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From Quanah Gibson-Mount <qua...@stanford.edu>
Subject Re: Various questions
Date Tue, 06 Jun 2006 19:51:05 GMT


--On Tuesday, June 06, 2006 9:37 AM +0200 Emmanuel Lecharny 
<elecharny@gmail.com> wrote:

> Hi guys !
>
> Quanah Gibson-Mount a écrit :
>
>> I think it is important to allow specification of what indices to use
>> for a given attribute for a few reasons.  One, that you can use it to
>> actually make some searches slow enough to hinder efforts (like we
>> have a spam troller routinely trying to get data from our sources that
>> is fairly obnoxious),
>
> In my mind, it's pretty much a security issue. You can add an
> authentication to avoid such behavior, or, if your data are public, then
> you have no reason to slow down the searches. Limiting the number of
> results may be more efficient. Btw, this is a real problem for a server,
> and something we sqhoudl consider : how to avoid DOS on a LDAP server
> (either by flooding, or with malformed requests, or with huge data). We
> still have to address those attacks. At this point, I may have a question
> : is it frequent usage for Ldap server to be exposed outside a company?
> Generally speaking, I never saw that. User data are really supposed to be
> private and not accessible from unidentified user. I may be totally
> wrong, but if I see a Ldap Server exposed to the world - never saw that
> for years -, the first thing I would ask the Admins is to close the door
> of their system. Just my opinion.


Well, I see ldap servers expose data to the world all the time.  Pretty 
much any university I send random queries to does so.  @ Stanford, we allow 
users to affect the "visibility" of their data, with 3 settings:

"world" -- Avaliable to anyone, including anonymous
"stanford" -- Available only to those people who have authenticated as 
being from Stanford
"private" -- Not visible to anyone by normal means (specific applications 
get by this)


Since there is a fair amount of data then available to anyone who wants to 
run a query because of policy, I do try my best to do due diligence and cut 
down on spam harvesting runs.  We do have a result limit on the server, but 
the people I've run across are savvy enough to use batched queries of 
different ranges to effectively get around that in at least part.

People also like to be able to use their email clients to get information 
from the directory servers, and very few of them (only one that I've found)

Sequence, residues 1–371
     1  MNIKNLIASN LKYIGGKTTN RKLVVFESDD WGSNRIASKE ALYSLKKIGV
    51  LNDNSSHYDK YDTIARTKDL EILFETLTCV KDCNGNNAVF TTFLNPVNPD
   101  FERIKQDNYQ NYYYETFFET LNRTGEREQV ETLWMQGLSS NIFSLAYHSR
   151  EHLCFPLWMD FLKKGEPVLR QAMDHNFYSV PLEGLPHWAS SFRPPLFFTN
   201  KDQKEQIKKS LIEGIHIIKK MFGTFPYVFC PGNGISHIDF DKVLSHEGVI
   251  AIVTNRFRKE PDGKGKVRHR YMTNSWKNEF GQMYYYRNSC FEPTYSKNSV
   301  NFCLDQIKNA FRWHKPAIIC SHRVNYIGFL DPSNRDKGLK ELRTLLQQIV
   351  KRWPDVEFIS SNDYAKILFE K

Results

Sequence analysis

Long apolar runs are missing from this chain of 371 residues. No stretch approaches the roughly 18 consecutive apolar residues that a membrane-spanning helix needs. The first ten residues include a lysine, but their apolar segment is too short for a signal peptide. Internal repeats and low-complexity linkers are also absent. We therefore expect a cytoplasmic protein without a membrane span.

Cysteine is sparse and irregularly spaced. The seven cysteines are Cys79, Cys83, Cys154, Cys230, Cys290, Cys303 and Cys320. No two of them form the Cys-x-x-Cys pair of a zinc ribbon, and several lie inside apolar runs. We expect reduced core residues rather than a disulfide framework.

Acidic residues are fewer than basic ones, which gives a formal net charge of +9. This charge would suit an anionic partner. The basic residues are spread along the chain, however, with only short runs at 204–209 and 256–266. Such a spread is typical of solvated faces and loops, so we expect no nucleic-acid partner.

support SASL/GSSAPI binds, which is the only authentication method we allow 
(no username/password).


>> another is that the more indices you have on an attribute, the larger
>> the total database is, and the longer it takes to load.  This of
>> course depends on part in the OS/Cpu used as well.  For example, I
>> currently index 90 attributes in my database to varying degrees (most
>> are eq, which is a fairly minimal index).  On my Solaris sparc
>> systems, it takes 2.5ish hours to load the database.  On my new AMD
>> systems that'll be replacing the Sun Sparc boxes, it takes all of 14.5
>> minutes.  However, if all 90 of those attributes were getting indexed
>> pres,eq,sub, the amount of time to load would increase significantly.
>
> well, in production, loading a server ris not something you do very
> often. You may need to restore a crashed database, or reload a database
> which structure has change, but this is definitively not a real concern.
> Load once, use many.


I think that's a good thought in theory, and is what I thought too. 
However, I run 4 environments (dev, test, uat, and production).  We have a 
custom schema that we modify a few times a year, and those modifications 
are usually large enough to warrant a complete reload of the data that is 
generated from our RDBMS for the ldap servers.  As a part of that process, 
dev may be reloaded several times as bugs are fixed, etc, and the same goes 
for test.  So I actually reload my servers a bit. ;)


>> Currently, my indices take up 1.1GB of disk space in OpenLDAP (I'm not
>> sure how that exactly map out in Apache DS).  My database entry file
>> takes 2.7GB.  So my indices are approximately 1/3 of my database size.
>
> 3Gb is really nothing. A 15K Rpm SCSI disk is now 36 Gb minimum and cost
> aroung 200$. Not a big deal. Better spend money of memory sticks rather
> that on high performance disks :)
>
> I don't want to say that making it possible to select indices is *bad*,
> but, IMHO, this may be a cool feature that is a little bit overkilling,
> when you balance it with real usages. For real RDBMS, having twice the
> size on disk for indices is considered plain normal. I don't think we
> should go that far, but when you choose to set indices on  an attribute,
> this may not be very important to offer a choice on which kind of indices
> you want.

Yeah, my concerns here may be more specific to OpenLDAP and the use of BDB. 
When bulk loading, it is quickest to have enough BDB cache as the entire 
size of your database (3.8GB in the case above).  On Solaris SPARC, I found 
that the only good way to get performance was to use a shared memory region 
(Linux doesn't require that), which means that I have to have as much 
memory available as BDB cache on the system, and memory is sadly not so 
cheap as disk.


--Quanah

--
Quanah Gibson-Mount
Principal Software Developer
ITS/Shared Application Services
Stanford University
GnuPG Public Key: http://www.stanford.edu/~quanah/pgp.html

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